"THEY say if you look in the eyes of a fish and it looks back at you, it's fresh," says tour guide Helen Prohasky. She's a familiar face at Melbourne's bustling and bountiful Queen Victoria Markets, and a fierce advocate for cooking "roo".

I glance at some glassy fish eyes - they glance back - and suddenly I'm not so very hungry after all. So I buy figs stuffed fat with mascarpone, hoping they'll plump me up Hairspray-style.

Anything to keep alive the spirit of the latest musical offering from Melbourne, Australia's very own version of the global hit musical, which has got me under its spell.

Set in 1962 Baltimore, unfashionably plus-sized optimist Tracy Turnblad dances her way on to hit The Corny Collins Show - see where lots of stuffed figs can get you - captivates teen heart-throb Link Larkin, and sets about integrating all sizes and colours of people into the previously slim-whites-only TV show.Sounds like every plump teenager's dream.

It's based on a cult-classic 1988 film, Hairspray, which made its Broadway debut in 2002 before a 2007 film remake (starring Nikki Blonsky, John Travolta and Zac Efron).

The entire thing is a candy-coloured, witty champion of underdogs, minorities and just about anyone else who ever failed to get a fair crack of the whip.

Directed by Australia's David Atkins, the production uses ceiling-high LED walls to create an astounding visually-laden world, where both actors and screens propel the show into technicolour.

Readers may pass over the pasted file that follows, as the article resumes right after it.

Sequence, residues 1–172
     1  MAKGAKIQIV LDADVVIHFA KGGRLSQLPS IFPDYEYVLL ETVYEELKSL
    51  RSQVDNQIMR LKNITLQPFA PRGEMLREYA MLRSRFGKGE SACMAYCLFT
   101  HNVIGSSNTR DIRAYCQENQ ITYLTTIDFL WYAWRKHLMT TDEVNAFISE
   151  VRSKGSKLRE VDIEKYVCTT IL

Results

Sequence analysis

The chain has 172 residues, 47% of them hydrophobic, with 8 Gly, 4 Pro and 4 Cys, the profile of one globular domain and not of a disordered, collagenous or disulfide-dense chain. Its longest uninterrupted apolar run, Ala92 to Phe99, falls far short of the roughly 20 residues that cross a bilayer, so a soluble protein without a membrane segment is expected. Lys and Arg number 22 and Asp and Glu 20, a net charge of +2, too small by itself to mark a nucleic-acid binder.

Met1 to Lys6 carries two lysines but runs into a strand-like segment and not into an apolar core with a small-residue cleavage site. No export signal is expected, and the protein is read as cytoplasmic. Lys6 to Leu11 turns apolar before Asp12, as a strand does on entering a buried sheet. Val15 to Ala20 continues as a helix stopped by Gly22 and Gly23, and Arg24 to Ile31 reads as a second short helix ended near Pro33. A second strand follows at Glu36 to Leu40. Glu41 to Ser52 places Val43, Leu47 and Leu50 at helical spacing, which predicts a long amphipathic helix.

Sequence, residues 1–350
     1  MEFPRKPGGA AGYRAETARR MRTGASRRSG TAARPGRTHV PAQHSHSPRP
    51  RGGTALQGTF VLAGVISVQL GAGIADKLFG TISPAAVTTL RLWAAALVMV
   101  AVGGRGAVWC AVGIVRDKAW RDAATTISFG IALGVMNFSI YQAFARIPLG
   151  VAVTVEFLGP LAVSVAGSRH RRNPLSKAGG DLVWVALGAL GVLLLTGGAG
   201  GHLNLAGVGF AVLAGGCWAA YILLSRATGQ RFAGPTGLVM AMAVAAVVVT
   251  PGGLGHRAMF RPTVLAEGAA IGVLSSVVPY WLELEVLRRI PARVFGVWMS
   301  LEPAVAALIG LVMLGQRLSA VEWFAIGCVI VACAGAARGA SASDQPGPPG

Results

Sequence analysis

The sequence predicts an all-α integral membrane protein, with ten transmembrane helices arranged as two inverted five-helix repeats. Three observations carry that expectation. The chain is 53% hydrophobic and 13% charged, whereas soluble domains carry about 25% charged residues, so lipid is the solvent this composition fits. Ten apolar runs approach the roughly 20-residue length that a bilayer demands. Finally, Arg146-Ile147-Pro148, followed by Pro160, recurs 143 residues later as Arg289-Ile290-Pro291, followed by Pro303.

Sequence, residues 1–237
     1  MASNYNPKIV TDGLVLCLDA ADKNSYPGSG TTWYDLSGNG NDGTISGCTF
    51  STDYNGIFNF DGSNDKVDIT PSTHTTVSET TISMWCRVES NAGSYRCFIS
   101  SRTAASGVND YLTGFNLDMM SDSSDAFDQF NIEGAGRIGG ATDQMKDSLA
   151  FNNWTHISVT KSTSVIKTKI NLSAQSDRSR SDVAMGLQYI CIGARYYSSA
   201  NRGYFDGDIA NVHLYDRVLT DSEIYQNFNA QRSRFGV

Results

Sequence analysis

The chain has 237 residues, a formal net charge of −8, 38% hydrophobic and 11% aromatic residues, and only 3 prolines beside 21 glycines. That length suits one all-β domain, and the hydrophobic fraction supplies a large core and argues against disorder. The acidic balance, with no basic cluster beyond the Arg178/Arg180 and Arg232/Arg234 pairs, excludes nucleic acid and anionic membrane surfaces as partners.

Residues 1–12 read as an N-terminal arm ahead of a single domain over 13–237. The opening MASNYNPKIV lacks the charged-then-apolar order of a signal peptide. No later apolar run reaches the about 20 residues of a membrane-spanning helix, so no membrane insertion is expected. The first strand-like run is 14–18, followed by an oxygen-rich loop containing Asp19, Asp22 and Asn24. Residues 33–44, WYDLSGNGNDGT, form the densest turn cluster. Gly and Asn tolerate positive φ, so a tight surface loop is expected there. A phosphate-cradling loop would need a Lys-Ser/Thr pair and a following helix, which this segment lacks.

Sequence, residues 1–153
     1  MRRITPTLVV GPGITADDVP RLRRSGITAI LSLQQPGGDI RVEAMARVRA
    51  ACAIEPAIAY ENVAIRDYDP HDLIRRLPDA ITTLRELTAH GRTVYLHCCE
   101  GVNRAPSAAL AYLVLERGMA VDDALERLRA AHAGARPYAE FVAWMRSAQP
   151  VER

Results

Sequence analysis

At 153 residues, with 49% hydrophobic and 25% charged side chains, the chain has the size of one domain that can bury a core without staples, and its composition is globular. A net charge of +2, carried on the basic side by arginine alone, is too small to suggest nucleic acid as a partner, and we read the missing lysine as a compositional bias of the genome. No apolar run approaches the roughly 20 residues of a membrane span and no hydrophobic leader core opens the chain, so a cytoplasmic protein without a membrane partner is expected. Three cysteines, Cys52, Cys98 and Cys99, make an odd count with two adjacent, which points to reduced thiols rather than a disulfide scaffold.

Pursuing my version of the dream, I track down Hairspray lead Jaz Flowers at Melbourne's Princess Theatre. Inside, ushers lounge in doorways and I play it cool. For 22-year-old Flowers, Hairspray is her platform to the big-time. Tracy Turnblad is her first lead role in a major musical production.

"How long does it take to do your hair?" I ask coyly. Flowers, in full glittering costume, leans in conspiratorially.

"It's a wig!" she whispers, explaining how only 10 to 15 minutes of prep time is required and "on it goes like a helmet!"

Living up to the role of Tracy is not so easy a feat as a wigful of hair, however. There's such a bursting of joy in both the character and Flowers' performance, maintaining the mood is a challenge in itself.

"I must admit, something that I keep saying to myself [or] on the phone to my parents is, 'I just didn't realise how much energy it takes to be happy all the time'," she says. "It's not just because [Tracy's] happy - she's just so enthusiastic and energetic all the time, and I didn't comprehend how much energy that was going to take from my body. But it gets easier with every run that we do."

What's interesting about Hairspray is how much Australians love it - apparently one in 10 own the 2007 film - and the show looks like following suit.

The premiere drew gushing media reviews and a bobbing ovation of beehives and quiffs, which shows what happens when you give your audience a dress theme and free hairspray.